As this Village Voice blog entry notes, seventeen-year-old Arkadiy Tashman will be missing for five years on January 26. He is missing under rather unusual circumstances: he was last seen leaving a friend’s home at 2:45 a.m., and never made it back to his own home on Staten Island. Later that day, his parents found a note in his bedroom that said, “Sorry about his. No wake, no funeral.”
But Arkadiy’s body, if he killed himself, has never been found, and as far as I know there aren’t any real indications that he was suicidal prior to his disappearance. His girlfriend said he had considered suicide before, but nearly everyone does at some point in their lives, and there’s no word on just how far that consideration went. Of course, plenty of people kill themselves without displaying any warning signs beforehand. But where in New York City could you kill yourself without your body ever being found?
Arkadiy doesn’t fit the profile of a runaway, either. He didn’t come from a troubled home and he had no history of running away. He was a high school junior at the time of his disappearance, but I’m not sure how good a student he was. I read somewhere that he had to repeat a year due to excessive absences. (It might be worth noting that he stayed at his friend’s house till nearly three in the morning on a school night.) He is originally from Russia and emigrated to the US at age eleven. His older sister set up a blog about his disappearance, but it hasn’t been updated in over a year.
Perhaps, like in the case of Richard Massey, his body has been found and remains unidentified. I certainly hope not. I hope Arkadiy is still alive and I hope he gets in touch with his family soon. I have no no clue what happened to him, but it doesn’t look good.
Now Martha Jean Lambert‘s brother David, who confessed to killing his sister back in 1985, has joined his mother in denial: his confession, he says, was a lie. David said the cops were anxious to close the case and he only told them what he wanted to hear, and he has no idea what really happened to Martha.
The cops are having none of this, of course. They believe David’s confession, and so do I. Maybe it didn’t happen like he says, but I’m quite sure David caused Martha’s death. If David lied, why did he retract his statement only now, four months after he first made the confession? It can’t be because he was afraid of his mom, because he made the confession on tape in her presence, and at that time she appeared to believe him.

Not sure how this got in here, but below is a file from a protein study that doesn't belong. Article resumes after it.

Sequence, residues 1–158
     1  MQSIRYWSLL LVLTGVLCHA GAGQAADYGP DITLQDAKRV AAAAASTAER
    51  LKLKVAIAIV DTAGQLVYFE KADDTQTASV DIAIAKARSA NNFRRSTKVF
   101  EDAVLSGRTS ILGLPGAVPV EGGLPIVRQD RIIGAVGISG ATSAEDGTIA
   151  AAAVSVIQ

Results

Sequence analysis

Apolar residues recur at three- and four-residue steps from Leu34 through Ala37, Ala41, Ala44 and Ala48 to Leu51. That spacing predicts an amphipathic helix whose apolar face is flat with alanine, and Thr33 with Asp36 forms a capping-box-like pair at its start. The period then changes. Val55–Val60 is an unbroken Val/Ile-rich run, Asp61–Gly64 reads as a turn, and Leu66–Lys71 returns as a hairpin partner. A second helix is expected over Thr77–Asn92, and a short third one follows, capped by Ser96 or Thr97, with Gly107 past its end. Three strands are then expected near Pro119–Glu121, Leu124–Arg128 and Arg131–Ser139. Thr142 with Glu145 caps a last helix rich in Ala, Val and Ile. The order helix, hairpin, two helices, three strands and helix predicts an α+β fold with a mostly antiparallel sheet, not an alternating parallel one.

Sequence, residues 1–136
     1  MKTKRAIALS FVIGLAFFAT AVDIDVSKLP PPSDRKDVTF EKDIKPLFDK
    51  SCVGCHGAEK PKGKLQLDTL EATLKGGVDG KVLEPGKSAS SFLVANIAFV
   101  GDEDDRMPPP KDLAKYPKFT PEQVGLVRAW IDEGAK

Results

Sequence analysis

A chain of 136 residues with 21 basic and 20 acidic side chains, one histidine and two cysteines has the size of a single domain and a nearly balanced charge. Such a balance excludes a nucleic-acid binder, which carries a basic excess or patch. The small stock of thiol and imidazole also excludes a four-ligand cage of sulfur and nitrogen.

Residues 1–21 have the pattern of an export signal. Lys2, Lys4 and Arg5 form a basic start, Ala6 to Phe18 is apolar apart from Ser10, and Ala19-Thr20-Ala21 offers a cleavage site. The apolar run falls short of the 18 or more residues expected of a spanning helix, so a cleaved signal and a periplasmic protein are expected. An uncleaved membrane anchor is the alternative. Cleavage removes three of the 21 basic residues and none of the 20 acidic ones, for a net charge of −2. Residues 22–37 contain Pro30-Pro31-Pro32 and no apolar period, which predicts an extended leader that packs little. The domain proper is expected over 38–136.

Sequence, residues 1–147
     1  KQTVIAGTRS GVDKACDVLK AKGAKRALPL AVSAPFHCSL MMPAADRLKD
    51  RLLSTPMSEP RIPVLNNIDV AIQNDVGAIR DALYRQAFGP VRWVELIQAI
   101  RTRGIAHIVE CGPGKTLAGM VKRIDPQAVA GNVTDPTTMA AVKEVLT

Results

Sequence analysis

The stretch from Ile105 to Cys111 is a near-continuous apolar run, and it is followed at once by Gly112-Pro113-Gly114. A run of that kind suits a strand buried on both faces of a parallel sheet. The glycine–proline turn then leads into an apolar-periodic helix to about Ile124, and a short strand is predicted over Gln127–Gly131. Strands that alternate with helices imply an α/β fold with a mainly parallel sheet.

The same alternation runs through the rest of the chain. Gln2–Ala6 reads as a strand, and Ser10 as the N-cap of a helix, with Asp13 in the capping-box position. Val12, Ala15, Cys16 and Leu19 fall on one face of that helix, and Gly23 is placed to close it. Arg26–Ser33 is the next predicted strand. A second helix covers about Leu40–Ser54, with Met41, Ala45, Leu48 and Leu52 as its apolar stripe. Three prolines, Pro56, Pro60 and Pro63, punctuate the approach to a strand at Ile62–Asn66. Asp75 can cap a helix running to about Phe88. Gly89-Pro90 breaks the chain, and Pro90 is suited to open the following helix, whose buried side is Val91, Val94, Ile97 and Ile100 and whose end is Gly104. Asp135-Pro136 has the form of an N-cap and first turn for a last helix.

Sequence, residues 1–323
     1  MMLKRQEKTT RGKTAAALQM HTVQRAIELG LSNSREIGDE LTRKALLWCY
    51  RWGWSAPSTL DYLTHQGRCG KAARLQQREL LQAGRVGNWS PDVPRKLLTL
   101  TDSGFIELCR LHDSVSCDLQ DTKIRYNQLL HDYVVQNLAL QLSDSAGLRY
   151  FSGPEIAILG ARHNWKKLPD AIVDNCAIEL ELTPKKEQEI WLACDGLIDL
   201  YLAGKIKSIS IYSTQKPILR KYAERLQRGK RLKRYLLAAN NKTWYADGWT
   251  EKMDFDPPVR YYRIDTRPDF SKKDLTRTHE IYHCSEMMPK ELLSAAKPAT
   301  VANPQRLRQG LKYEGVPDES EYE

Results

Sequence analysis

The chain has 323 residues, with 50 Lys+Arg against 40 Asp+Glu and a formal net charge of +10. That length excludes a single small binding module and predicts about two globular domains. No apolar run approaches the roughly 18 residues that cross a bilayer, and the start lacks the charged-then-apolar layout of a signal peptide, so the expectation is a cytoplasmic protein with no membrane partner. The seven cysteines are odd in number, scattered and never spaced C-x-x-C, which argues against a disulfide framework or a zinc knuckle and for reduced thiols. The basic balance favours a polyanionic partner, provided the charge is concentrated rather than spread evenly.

Another article says this isn’t the first time David has said he was responsible for Martha’s death. Back in 2000 he said he buried her in a coquina mine, but the cops couldn’t find anything there. Hmm.
I don’t doubt that David is an attention-seeker. He should stop jerking everyone around.
I once had a young British man named Richard Massey profiled on Charley. He was in his twenties and working as a computer programmer in New York City when he disappeared in December 2002, after suffering an apparent nervous breakdown. His family filed a missing persons report with the NYPD and sent them all of his particulars, and searched for him for five long years. But Massey’s body was pulled out of the Hudson River just four months after he vanished. The cops don’t know the cause or manner of his death, and it looks like they didn’t even attempt to identify him. Just buried him as a John Doe, and there he rested until a private detective hired by the Massey family found out about the body on his own. Massey has been re-interred in Doncaster, England.
Now, Massey’s family has filed a lawsuit accusing the NYPD, the city medical examiner and the city in general of negligence for failure to investigate his disappearance and failure to identify him sooner. They’re seeking unspecified damages. As the article and Gaelle’s blog Unsolved in the News notes, this is far from the first time the NYPD has screwed up in this manner.
I hope the Massey case and resulting lawsuit results in changes around New York with the way bodies are identified. In some cases it looks like they didn’t even try.
Yesterday I read a book about disappearances in Alaska (which is such a severe place that it basically eats people on a regular basis). There was a quote in there from another source:
If you know your husband or father or brother is dead, you can bear the loss. But if you picture him year in year out dying by inches on some desert island or wandering with lost memory on some distant shore, a bitter anguish haunts you night and day.
From this cause I have seen aged men die; gay young wives grow old and grim; mothers weep their hearts out until the grave relieves their despair; and both sisters and brothers turn cold shoulders to a happy world in the awful thrall of a never-ending hope.
This about perfectly sums up the devastation a missing person wreaks on their family. The Massey family’s anguish could have been over a lot faster if those in charge had only done their jobs.